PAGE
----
Ecological Momentary Assessment Using a Mobile Phone

Ecological Momentary Assessment Using a Mobile Phone

David Habsara Hareva (Universitas Pelita Harapan, Indonesia), Hiroki Okada (Kagawa University, Japan) and Hisao Oka (Okayama University, Japan)
DOI: 10.4018/978-1-4666-2196-1.ch039
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Abstract

The mobile phone has become a popular tool for providing information and capturing responses from different groups of people because of its technological features and portability. EMA (Ecological Momentary Assessment) is commonly used by health researchers to contemporaneously capture information regarding human experience. The authors proposed the use of a mobile EMA system as a supportive intervention to collect real-time patient data and to give back real-time advice. In this study, a mobile EMA system has been utilized by patients with a variety of conditions, including mood disorders, behavior disorders, and physical disorders. The real-time data collection included one or more pieces of information at each moment to improve understanding the causal mechanisms of disease. The effectiveness of real-time advice has been examined by comparing a mobile EMA system with and without this function. Patient compliance was high on average, at approximately 89%, and was higher, at approximately 93%, when advice was given. In several cases, the supportive intervention was shown to help patients improve their health conditions. However, the results were dependent on the patients’ motivation, environment, and relationship with their doctor. The EMA data regarding advice given showed that symptoms tended to improve in most cases.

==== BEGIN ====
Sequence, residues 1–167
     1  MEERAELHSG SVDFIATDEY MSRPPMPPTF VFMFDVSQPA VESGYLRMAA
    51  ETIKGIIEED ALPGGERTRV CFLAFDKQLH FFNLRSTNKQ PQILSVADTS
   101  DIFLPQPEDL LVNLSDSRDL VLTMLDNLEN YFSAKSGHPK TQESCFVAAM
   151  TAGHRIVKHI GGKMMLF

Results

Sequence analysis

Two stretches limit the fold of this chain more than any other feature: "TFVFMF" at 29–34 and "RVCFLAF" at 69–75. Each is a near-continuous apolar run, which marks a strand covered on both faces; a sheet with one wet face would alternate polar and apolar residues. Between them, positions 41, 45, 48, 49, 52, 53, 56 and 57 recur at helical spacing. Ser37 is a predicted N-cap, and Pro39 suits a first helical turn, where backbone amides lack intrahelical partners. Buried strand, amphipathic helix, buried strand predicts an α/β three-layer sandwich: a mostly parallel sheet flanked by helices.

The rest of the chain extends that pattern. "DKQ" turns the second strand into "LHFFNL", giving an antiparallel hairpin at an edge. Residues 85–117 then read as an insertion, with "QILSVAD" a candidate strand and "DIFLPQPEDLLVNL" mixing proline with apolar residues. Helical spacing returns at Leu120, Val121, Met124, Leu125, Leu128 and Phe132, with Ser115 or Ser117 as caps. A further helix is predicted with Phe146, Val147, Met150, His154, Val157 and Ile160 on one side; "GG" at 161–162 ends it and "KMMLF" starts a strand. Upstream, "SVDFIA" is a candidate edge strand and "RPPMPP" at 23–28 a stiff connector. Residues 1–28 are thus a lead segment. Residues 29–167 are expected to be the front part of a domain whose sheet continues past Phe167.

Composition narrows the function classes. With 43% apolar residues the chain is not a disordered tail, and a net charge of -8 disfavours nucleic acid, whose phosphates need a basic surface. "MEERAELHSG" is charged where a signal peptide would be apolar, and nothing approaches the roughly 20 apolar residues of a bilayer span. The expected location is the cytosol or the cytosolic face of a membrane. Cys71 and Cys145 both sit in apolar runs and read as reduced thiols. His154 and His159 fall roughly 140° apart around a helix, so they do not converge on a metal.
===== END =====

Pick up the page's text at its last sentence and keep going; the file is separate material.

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Supportive Intervention System Using A Mobile Phone

Mobile EMA System

The rapidly growth in mobile phone and wireless technologies convinced Okada et al. to utilize a mobile phone device to collect a real-time patient report over the internet using mobile networks. The resulting mobile EMA system (Okada, Hareva, Kitawaki, & Oka, 2005) was developed based on a web browser platform as a variant of the client-server model. On the EMA server side, Windows XP, Internet information service (IIS), Active Server Page (ASP), Microsoft Access, and free e-mail server BASP21 were installed. On the EMA client side, a mobile web-browser was installed to show pages of online questions linked to the prompted e-mail. The selected answers represented mood levels, symptom levels, behavior levels, and combinations thereof.

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